Angélique Kidjo; Thursday, June 19, 2014
Kuumbwa Jazz Presents
Thursday, June 19
At the Rio Theatre
“Africa’s premiere diva.– Time Magazine
A true transnational artist, Angélique Kidjo’s African roots shine brightly throughout her music. Heavily influenced by South African legend Miriam Makeba, Kidjo also absorbed the influences of the American popular artists from her youth, such as James Brown, Aretha Franklin, and Jimi Hendrix. In the ’80s, she was among a new wave of African performers blending Western pop music with traditional African forms. The creative result was a revitalized music style, both entertaining and socially conscious. Her latest recording, named for her mother, Eve, honors all the women of Africa, their resilience and their beauty, and puts Angélique’s strong voice back in the spotlight where she belongs.
Born and raised in Benin, in West Africa, Angélique Kidjo was surrounded by musical and artistic family members. Her mother was the director of a theater group. Her father was a musician, and her brothers all played instruments. As a child, she was enveloped by the traditional folk music of her country, singing and dancing in her mother’s theatrical groups and with her brothers’ band. By her teen years, she regularly heard Western pop music on the local radio. American soul singers and, later, the psychedelia of Jimi Hendrix, were all making an impression on the young Angélique, as were contemporary African artists, such as the legendary Miriam Makeba. As Western pop music was making in-roads to Africans, so too was African music influencing musicians in Europe and the West. In 1983, as Kidjo was becoming popular in her native country, she chose, for political and career reasons, to move to Paris. More on Kidjo’s escape from Communist Africa to make her dreams a reality can be read in her recently published autobiography Spirit Rising: My Life, My Music. The book details her dangerous escape into France, and how she rose from poverty to become a Grammy Award-winning artist and international advocate for freedom.
In Paris, Kidjo found a large community of African musicians and artists contributing to a new blend of dance music called Afro-pop. Characterized by lilting guitar ostinatos, engaged with a driving drum beat, and (usually) socially conscious lyrics, Afro-pop often referenced political situations in the artists’ home countries. Alafia was the first group that Angélique recorded with in France. Afterwards, she joined the jazz-oriented Pili Pili and played the prestigious Montreaux Jazz Festival in 1986. At about that same time, she met her future husband, bassist/composer Jean Hebrail, and they started writing their own music. Together, they released her debut solo album, Parakou, and Kidjo began her rise on the international stage as a voice for peace and understanding.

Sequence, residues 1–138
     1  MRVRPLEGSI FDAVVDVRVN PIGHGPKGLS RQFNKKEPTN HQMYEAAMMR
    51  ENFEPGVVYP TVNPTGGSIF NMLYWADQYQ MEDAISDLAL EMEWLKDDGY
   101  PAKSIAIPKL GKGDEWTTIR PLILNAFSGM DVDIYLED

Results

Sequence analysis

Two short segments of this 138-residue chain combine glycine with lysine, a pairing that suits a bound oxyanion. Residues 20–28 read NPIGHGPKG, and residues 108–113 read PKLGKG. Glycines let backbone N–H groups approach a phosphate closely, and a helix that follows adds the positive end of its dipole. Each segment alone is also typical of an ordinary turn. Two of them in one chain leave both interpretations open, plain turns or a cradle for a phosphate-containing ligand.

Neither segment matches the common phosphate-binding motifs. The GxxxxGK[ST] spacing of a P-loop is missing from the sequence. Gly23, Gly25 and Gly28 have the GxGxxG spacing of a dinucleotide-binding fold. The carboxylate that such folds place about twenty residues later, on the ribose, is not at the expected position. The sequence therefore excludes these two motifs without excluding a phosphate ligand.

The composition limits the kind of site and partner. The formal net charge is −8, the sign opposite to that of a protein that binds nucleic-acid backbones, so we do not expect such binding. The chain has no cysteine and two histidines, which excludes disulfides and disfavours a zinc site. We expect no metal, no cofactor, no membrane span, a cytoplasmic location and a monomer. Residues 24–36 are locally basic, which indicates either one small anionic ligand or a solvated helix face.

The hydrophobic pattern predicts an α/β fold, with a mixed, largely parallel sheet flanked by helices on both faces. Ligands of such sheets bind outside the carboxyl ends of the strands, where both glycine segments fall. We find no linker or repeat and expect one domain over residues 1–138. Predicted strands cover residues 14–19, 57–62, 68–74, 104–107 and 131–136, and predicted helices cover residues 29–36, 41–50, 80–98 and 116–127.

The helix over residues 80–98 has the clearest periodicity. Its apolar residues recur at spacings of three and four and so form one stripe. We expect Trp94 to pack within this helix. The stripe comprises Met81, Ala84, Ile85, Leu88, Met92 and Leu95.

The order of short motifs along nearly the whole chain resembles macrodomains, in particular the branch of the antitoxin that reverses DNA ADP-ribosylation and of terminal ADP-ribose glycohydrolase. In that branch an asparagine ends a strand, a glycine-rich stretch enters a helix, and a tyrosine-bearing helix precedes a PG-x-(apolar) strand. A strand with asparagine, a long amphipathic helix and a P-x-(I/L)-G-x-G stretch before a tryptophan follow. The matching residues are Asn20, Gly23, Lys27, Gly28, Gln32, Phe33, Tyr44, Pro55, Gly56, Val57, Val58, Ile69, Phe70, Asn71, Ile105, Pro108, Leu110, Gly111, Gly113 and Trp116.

Over the decades, the Grammy Award-winning Kidjo has used her celebrity status to draw attention to many of the problems in Africa, from malnutrition to social strife. With the release of Eve, she has created a singular and inventive tribute to her mother and the women of her homeland.
DATE: Thursday, June 19, 2014
VENUE: Rio Theatre
ADDRESS: 1205 Soquel Ave, Santa Cruz, CA 95062
TIME: 7:30 PM
PRICE: $55/Gold Circle Section, $40/General Admission
TICKETS: Logos Books & Records, 1117 Pacific Ave, Santa Cruz (831) 427-5100 and online at: http://www.kuumbwajazz.org
MORE INFO: http://www.kuumbwajazz.org or 831-427-2227
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